Hitler's appointment as German chancellor on 30 January 1933 and the Nazi consolidation of power shortly thereafter made possible the implementation of the eugenic and racial policies long advocated by the Nazi movement.1 For implementation, the regime needed the willing collaboration of the civil service as well as the participation of the professional classes, including racial scientists, physicians, jurists, and statisticians. It readily received the needed support.2 While the regime created concentration camps and mobilized the SA, SS, and police against its political enemies, it issued laws and activated the civil service to exclude its biological enemies. At first, the regime used violence to intimidate its enemies, but public violence disrupted order, threatened to alienate conservative opinion, and damaged the image of Germany abroad. Although the threat of violence never disappeared, its use was restricted and formalized. The regime accomplished its ends by legal and formal exclusion. After the Nazi assumption of power, the German government rapidly enacted legislation to exclude all outsiders; laws, decrees, and regulations were issued in rapid succession. Newly enacted laws clearly isolated, excluded, and penalized the handicapped, Jews, and Gypsies.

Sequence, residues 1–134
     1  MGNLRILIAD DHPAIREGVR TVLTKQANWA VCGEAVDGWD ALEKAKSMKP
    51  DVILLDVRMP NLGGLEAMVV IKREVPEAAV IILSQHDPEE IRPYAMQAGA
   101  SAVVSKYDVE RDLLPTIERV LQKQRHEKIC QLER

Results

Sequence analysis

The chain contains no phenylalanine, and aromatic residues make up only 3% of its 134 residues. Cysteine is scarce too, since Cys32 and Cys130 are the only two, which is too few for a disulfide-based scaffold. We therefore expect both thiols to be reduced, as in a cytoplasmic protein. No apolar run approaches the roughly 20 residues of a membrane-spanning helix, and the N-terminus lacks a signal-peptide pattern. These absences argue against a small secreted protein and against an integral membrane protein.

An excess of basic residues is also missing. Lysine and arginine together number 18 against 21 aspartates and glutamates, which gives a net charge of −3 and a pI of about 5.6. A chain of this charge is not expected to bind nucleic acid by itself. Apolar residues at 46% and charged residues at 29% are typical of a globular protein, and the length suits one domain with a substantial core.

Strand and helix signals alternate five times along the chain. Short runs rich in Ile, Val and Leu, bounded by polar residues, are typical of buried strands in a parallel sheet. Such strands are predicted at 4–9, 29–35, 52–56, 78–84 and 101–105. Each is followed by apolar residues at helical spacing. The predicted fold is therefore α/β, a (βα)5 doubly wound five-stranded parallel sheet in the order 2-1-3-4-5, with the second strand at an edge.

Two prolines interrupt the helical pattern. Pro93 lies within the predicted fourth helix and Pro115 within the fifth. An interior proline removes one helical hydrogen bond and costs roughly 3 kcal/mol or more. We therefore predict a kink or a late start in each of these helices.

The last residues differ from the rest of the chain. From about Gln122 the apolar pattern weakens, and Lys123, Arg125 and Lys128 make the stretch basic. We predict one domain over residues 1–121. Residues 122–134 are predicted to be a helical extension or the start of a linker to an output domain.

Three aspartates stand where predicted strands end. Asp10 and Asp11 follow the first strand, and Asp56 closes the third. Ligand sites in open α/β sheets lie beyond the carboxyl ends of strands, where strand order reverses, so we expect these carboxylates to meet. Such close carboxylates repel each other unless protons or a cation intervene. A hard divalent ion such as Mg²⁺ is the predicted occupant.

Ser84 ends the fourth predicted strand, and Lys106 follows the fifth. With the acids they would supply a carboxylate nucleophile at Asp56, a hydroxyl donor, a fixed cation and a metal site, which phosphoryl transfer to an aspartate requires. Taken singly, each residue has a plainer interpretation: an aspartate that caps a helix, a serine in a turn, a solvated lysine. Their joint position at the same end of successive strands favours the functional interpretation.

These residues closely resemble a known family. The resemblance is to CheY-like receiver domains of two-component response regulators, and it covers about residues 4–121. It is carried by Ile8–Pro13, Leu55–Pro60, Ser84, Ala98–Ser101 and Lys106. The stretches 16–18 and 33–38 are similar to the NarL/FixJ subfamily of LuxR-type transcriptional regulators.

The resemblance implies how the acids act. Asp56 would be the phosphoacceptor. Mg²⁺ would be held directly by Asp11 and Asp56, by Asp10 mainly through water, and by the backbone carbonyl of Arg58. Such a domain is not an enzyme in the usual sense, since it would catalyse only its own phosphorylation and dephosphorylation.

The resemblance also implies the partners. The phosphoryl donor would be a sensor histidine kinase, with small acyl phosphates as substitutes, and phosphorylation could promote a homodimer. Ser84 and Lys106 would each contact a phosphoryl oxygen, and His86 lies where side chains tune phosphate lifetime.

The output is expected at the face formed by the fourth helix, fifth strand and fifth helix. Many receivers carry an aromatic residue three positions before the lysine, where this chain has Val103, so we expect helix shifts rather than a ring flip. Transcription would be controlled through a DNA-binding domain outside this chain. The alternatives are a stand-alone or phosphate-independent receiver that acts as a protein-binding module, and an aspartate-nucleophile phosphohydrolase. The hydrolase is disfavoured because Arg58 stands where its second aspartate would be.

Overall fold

Against the handicapped, the regime enacted into law the program long advocated by race scientists to control a population considered degenerate and inferior. The so-called sterilization law, promulgated in July 1933, served throughout the Nazi period as the model for all eugenic legislation.3 It introduced compulsory sterilization for persons suffering from a variety of mental and physical disorders and in the process defined the groups to be excluded from the national community. This legislation was followed in October 1935 by the Marriage Health Law, which mandated screening the entire population to prevent marriages of persons considered carriers of hereditary degeneracy, particularly those covered by the sterilization law.4 Numerous ordinances defining and enlarging these two laws followed.5 As race hygiene had always linked the handicapped to criminal and antisocial behavior, the bureaucrats drafting this legislation believed that their eugenic laws should also cover "inherited criminal traits."6 To accomplish this, the regime enacted in November 1933 the Law against Dangerous Habitual Criminals and the Law on Measures of Security and Reform.7 The new provisions--articles 20a and 42a-m of the penal code--gave the courts substantial new powers to confine and punish persons considered habitual criminals. In addition to the penalties already provided by the penal code, the courts were authorized to commit the Aso-